Members of the Social Justice Alliance protest racial profiling and voice their support for the DREAM Act. (Photo Credit: Chris Setter)

Amid all the splendor of Wolfstock, one student group gathered in the SAC Plaza holding cardboard signs challenging passerby’s with one question: Do I look illegal to you?

The Social Justice Alliance, or SJA, a student-activist group on campus, held a silent protest on Wednesday, Sept. 21, in support of undocumented students on campus, whom they say get treated unfairly.

“It basically consisted of just having all different students, whoever wanted to participate, coming up grabbing a sign that said ‘Do I look illegal?’ and obviously we all look very different, we’re a diverse group of people,” said Jessica Rybak, treasurer of the SJA. “It was to challenge the racial stereotypes that just inherently are evoked in immigration politics and with undocumented students on campus. I think it was a successful event, we had a lot of people come out and support.” According to Rybak, undocumented students cannot apply for scholarships, so that in itself makes it more difficult for them to go to college.

The SJA was first formed in 2001 in opposition to the pro-war feeling that the nation had after Sept. 11. According to their website, to the group is involved in many progressive fights such as immigrant rights, the feminist movements, anti-war movements and Lesbian, Gay, Bisexual and Transgender rights.

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Their most recent protest was also in support of the DREAM Act, which would allow undocumented students who immigrated to the U.S. at a young age to stay in the country as long as they either go to college or serve in the military. Congress voted against the act last December.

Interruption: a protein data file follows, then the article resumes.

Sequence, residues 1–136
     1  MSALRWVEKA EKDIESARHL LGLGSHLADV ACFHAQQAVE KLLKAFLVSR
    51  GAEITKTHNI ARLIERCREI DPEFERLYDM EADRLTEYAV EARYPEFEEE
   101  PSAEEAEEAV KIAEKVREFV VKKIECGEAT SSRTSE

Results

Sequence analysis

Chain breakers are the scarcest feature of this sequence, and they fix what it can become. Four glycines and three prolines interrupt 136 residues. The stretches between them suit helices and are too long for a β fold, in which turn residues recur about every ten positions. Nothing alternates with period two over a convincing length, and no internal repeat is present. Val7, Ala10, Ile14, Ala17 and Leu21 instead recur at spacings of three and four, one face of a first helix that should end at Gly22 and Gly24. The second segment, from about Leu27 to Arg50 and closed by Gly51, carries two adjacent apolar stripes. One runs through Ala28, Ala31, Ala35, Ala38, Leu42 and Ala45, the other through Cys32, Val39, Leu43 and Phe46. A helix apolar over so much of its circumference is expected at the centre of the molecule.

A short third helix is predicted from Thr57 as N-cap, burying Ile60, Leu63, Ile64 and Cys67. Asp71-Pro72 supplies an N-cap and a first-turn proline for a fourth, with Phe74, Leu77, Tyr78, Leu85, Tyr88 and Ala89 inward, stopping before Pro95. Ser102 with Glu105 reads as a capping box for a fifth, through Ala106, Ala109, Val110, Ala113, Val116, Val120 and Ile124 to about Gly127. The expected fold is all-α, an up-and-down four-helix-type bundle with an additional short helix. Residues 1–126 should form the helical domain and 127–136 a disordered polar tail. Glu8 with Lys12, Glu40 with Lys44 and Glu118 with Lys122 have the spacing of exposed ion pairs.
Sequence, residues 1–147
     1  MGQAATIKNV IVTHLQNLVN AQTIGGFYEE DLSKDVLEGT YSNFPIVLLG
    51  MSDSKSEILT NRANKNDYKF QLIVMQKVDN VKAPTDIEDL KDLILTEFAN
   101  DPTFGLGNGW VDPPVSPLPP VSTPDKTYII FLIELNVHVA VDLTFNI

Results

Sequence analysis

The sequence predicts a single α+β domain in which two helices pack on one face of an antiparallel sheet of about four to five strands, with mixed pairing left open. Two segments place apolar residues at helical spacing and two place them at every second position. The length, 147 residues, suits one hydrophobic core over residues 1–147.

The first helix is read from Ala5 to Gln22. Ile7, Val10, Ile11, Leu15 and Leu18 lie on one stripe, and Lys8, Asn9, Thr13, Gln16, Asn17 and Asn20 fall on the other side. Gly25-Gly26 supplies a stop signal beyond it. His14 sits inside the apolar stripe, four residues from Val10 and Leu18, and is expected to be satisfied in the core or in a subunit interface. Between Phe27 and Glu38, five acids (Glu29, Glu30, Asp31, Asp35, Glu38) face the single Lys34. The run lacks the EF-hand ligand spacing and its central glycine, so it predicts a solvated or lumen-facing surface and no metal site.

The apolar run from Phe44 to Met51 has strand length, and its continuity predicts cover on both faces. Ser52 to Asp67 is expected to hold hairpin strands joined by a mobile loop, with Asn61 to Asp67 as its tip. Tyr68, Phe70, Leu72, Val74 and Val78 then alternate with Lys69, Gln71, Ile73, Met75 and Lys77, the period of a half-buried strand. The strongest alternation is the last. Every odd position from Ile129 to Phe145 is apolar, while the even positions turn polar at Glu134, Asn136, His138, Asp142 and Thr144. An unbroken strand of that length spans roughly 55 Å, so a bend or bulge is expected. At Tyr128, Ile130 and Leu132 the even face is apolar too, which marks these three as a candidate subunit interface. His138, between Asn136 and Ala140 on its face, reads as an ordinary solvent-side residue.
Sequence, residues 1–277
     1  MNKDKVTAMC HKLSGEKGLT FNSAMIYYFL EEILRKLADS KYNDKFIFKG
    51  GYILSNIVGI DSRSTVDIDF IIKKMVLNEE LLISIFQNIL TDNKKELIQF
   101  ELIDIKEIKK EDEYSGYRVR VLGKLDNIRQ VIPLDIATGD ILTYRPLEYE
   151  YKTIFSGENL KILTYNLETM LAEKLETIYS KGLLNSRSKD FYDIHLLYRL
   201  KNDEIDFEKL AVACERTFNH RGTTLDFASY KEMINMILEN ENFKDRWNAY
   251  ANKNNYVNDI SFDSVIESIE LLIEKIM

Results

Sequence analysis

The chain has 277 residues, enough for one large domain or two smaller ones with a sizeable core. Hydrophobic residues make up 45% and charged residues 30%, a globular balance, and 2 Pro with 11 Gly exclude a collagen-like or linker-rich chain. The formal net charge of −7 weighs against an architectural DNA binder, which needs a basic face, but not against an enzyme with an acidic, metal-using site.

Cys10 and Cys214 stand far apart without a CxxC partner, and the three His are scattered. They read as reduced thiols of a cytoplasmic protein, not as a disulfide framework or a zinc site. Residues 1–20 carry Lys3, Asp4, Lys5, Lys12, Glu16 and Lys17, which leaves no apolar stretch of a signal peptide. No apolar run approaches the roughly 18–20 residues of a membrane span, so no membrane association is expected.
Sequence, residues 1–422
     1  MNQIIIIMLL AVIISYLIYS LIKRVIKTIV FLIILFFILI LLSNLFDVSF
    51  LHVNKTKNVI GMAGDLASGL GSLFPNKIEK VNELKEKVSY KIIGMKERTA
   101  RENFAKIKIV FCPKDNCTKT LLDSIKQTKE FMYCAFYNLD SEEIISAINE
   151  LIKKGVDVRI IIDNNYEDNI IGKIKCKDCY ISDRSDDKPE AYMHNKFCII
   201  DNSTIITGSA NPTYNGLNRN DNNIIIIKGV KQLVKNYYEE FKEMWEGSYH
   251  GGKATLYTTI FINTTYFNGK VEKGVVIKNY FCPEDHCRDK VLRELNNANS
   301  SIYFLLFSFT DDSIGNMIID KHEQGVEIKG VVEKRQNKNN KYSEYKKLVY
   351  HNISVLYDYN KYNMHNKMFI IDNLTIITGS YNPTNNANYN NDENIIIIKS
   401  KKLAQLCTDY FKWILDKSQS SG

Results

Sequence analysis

“The Dream Act is a way of regularizing the situation for hundreds of thousands of millions of young people in this country who want to stay here, who should be allowed to stay here and this gives them an opportunity to do it,” said Michael Zweig, director of the center for study of working class life.

Rybak said the group is going to create a “dream team” of their own. “One of our goals is to have a ‘dream team’ to support the Dream Act and to make a safe place for undocumented students and international students to go to know that they have a special community, that they do have a place here and that they’re valued here at this university.”

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